Bioapatite is the mineral component of bones and teeth.
Apatite is a general term for a group of minerals made of calcium phosphate. Different apatite minerals have differing amounts of other elements and atomic groups like fluorine (-F), hydroxyl (-OH), and carbonate (-CO3). Bones and teeth are composed of tiny crystallites of minerals in the apatite mineral group. For simplicity, we just refer to any apatite mineral in bones and teeth as bioapatite, so we don’t have to argue about what the precise composition of the apatite mineral is.
Rocks, by definition, are naturally forming aggregates of mineral grains and organic detritus. This means, that in a very loose sense, bones and teeth could be considered rocks, which would explain why they fossilize so well.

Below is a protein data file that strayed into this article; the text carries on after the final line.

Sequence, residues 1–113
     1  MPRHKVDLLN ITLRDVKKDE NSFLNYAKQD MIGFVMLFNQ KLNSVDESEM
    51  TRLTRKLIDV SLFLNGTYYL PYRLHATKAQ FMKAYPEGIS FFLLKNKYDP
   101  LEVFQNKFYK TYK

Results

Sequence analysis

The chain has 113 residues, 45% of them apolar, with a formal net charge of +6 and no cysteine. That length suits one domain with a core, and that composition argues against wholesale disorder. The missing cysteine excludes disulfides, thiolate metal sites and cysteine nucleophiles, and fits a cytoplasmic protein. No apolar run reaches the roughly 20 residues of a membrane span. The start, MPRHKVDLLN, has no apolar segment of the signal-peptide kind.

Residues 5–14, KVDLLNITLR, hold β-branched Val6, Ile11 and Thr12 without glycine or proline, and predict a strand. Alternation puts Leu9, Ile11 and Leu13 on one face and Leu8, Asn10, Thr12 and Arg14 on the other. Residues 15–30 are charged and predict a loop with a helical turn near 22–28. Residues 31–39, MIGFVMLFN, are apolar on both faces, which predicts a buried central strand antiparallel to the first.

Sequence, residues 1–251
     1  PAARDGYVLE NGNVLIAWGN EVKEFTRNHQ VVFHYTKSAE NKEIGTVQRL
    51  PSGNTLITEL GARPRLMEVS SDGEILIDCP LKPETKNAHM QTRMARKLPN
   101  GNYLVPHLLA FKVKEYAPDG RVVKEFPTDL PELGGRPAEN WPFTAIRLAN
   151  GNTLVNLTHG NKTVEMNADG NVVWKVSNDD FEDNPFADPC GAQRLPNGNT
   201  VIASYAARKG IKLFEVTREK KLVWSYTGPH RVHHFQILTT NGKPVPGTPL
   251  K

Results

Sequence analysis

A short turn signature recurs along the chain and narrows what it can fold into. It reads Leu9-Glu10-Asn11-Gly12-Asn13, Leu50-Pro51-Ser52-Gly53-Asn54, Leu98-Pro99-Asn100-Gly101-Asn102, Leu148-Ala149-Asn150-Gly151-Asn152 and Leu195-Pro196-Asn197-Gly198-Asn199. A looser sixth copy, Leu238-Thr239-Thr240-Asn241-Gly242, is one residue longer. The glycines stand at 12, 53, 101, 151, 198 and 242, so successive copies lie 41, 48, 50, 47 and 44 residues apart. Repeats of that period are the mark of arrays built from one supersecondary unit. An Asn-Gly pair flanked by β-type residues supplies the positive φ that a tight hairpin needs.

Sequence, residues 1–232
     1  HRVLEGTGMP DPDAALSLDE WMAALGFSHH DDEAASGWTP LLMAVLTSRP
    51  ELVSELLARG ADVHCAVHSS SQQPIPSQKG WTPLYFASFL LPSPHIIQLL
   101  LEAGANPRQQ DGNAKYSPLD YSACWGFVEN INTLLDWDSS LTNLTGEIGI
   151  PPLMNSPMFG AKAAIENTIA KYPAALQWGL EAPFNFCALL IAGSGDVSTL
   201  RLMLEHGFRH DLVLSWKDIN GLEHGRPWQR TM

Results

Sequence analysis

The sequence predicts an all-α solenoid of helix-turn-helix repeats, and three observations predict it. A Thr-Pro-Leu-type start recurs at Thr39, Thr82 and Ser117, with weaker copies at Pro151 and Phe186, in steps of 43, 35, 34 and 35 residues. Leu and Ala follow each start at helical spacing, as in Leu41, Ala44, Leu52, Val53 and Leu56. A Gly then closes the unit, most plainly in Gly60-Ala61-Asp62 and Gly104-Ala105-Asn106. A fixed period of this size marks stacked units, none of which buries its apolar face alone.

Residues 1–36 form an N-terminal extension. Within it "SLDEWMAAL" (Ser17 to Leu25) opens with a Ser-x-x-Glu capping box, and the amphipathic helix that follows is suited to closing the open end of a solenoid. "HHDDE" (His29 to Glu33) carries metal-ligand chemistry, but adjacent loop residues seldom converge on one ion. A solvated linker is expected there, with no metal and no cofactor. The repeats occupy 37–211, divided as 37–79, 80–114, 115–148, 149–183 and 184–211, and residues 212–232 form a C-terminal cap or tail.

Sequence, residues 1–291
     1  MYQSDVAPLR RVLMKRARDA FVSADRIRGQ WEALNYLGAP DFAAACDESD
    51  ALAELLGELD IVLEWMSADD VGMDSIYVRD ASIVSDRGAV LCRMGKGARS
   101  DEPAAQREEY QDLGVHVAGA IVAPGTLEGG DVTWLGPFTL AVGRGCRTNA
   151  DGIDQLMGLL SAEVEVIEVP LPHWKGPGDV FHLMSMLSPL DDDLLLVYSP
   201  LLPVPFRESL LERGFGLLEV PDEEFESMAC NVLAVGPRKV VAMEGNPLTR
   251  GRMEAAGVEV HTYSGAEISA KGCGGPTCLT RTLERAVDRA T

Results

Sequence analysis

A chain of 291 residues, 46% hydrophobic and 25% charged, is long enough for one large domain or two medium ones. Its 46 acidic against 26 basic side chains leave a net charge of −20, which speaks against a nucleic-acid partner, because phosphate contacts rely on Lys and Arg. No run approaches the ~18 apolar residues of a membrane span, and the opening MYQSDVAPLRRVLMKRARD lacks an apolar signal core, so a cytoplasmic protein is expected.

Oxygen and carbon may be incorporated into bioapatite as the bones grow or the teeth form. The relative amounts of heavy to light isotopes of oxygen and carbon reflect the environment (oxygen) and the diet (carbon) of the animal while the minerals are growing. These isotopic ratios are then preserved in the bioapatite crystals even after the animal is dead and fossilized. From this, geochemists can later extract information about the ancient environment in which the animal lived and better understand what the Earth of the past was like.